Stephen Meyer writing for Newsweek explains how scientists themselves have contributed to a widespread misunderstanding of science and its implications for religious faith. He cites an important Discovery Institute survey:
Headlines lately have not been encouraging for the faithful. A Gallup poll shows that the percentage of Americans who believe in God has fallen to 81 percent — a drop of 10 percent over the last decade and an all-time low. This accelerating trend is especially pronounced among young adults. According to a Pew Research Center poll, 18-29 year-olds are disproportionately represented among so-called “nones” — atheists, agnostics and the religiously unaffiliated.
Pastors and other religious leaders have attributed this trend to many factors: young people being raised outside the church, an unfamiliarity with liturgy and church culture, even COVID-19.
We found another answer in our national survey to probe the underlying reasons for this growing unbelief: a misunderstanding of science.
Perhaps surprisingly, our survey discovered that the perceived message of science has played a leading role in the loss of faith. We found that scientific theories about the unguided evolution of life have, in particular, led more people to reject belief in God than worries about suffering, disease, or death. It also showed that 65 percent of self-described atheists and 43 percent of agnostics believe “the findings of science [generally] make the existence of God less probable.”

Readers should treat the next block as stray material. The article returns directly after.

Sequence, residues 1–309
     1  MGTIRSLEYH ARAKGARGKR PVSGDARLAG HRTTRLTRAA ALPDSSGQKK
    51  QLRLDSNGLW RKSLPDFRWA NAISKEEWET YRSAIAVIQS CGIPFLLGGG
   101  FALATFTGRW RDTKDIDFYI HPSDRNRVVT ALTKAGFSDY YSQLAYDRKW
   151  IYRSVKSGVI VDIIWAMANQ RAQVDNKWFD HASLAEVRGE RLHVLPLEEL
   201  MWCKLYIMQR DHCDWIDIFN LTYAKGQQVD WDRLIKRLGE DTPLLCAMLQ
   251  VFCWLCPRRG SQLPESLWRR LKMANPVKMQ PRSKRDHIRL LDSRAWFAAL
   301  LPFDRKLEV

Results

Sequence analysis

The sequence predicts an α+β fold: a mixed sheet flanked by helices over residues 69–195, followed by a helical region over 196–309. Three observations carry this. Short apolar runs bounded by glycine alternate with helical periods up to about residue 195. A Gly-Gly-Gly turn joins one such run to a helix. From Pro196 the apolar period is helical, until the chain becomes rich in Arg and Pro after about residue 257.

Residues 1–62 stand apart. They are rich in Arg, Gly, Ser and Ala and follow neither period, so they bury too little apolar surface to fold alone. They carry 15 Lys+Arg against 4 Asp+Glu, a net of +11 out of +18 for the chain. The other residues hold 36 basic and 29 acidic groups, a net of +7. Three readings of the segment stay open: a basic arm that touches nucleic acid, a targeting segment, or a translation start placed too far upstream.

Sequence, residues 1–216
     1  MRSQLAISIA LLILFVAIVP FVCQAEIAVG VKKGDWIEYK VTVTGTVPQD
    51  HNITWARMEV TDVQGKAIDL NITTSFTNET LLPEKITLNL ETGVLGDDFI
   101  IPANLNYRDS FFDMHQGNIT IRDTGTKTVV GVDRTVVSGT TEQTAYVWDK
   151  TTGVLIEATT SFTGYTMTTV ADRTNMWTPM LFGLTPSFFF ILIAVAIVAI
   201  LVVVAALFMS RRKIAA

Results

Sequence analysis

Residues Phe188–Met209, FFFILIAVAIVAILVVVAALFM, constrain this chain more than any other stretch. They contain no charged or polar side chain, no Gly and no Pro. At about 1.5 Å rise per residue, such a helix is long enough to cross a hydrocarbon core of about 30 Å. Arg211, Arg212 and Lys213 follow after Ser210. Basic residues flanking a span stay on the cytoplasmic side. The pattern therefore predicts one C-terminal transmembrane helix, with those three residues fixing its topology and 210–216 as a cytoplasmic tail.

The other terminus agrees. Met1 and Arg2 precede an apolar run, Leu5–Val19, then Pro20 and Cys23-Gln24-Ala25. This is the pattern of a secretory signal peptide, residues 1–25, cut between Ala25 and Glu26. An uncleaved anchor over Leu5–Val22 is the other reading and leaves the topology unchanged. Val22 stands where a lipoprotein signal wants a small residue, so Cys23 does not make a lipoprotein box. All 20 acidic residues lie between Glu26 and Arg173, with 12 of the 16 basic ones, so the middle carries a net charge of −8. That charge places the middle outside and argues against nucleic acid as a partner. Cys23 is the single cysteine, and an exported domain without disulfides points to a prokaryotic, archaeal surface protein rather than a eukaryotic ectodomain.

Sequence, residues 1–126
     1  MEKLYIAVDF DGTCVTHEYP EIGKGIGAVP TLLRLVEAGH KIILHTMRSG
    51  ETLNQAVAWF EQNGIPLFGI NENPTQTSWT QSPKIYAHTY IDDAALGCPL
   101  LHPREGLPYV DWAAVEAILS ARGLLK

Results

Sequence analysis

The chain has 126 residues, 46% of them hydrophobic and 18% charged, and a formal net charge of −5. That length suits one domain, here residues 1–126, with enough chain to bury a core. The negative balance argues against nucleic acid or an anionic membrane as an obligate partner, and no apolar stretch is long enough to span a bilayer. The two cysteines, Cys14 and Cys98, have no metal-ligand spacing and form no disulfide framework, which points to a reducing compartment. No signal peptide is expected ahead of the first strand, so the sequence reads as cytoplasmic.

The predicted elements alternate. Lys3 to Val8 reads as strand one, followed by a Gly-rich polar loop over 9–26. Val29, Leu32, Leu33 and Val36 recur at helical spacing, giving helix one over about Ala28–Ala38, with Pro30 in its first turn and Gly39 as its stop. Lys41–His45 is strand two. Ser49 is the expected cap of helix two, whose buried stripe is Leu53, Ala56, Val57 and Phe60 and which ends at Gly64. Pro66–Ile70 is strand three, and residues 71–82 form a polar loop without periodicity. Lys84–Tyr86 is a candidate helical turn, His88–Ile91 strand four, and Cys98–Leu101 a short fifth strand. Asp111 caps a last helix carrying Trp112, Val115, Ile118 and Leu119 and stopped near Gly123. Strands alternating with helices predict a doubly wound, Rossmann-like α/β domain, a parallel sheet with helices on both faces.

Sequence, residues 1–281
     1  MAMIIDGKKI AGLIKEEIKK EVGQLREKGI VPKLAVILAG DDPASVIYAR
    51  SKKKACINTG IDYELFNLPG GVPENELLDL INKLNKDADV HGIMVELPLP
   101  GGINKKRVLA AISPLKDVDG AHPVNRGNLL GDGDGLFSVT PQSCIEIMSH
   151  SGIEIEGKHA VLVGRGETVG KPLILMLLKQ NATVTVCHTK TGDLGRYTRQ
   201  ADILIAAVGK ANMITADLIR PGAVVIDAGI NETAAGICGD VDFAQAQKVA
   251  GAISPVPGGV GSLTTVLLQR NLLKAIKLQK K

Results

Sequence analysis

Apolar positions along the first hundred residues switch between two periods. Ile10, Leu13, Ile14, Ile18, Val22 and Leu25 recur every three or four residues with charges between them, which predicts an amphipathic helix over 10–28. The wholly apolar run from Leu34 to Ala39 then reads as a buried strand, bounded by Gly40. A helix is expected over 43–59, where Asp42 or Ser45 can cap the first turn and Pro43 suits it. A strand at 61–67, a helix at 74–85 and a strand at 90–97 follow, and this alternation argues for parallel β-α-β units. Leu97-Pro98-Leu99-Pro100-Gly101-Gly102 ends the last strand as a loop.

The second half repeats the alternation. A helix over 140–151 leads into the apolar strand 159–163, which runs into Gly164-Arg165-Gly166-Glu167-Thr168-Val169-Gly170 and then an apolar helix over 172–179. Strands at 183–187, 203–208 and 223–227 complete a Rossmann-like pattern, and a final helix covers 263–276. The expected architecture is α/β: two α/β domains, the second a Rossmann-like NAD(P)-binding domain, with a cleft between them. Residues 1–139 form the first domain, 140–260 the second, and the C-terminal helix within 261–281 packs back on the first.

It’s easy to see why this perception has proliferated. In recent years, many scientists have emerged as celebrity spokesmen for atheism.
Read the rest at Newsweek. In his latest book, Return of the God Hypothesis, Meyer details the three modern discoveries that point not to a godless, meaningless universe but to a cosmos driven by purpose and foresight. What a shame that the scientific mainstream has done such a poor job of communicating this to the public. Their conformism, groupthink, and, frankly, cowardice have cost our culture dearly.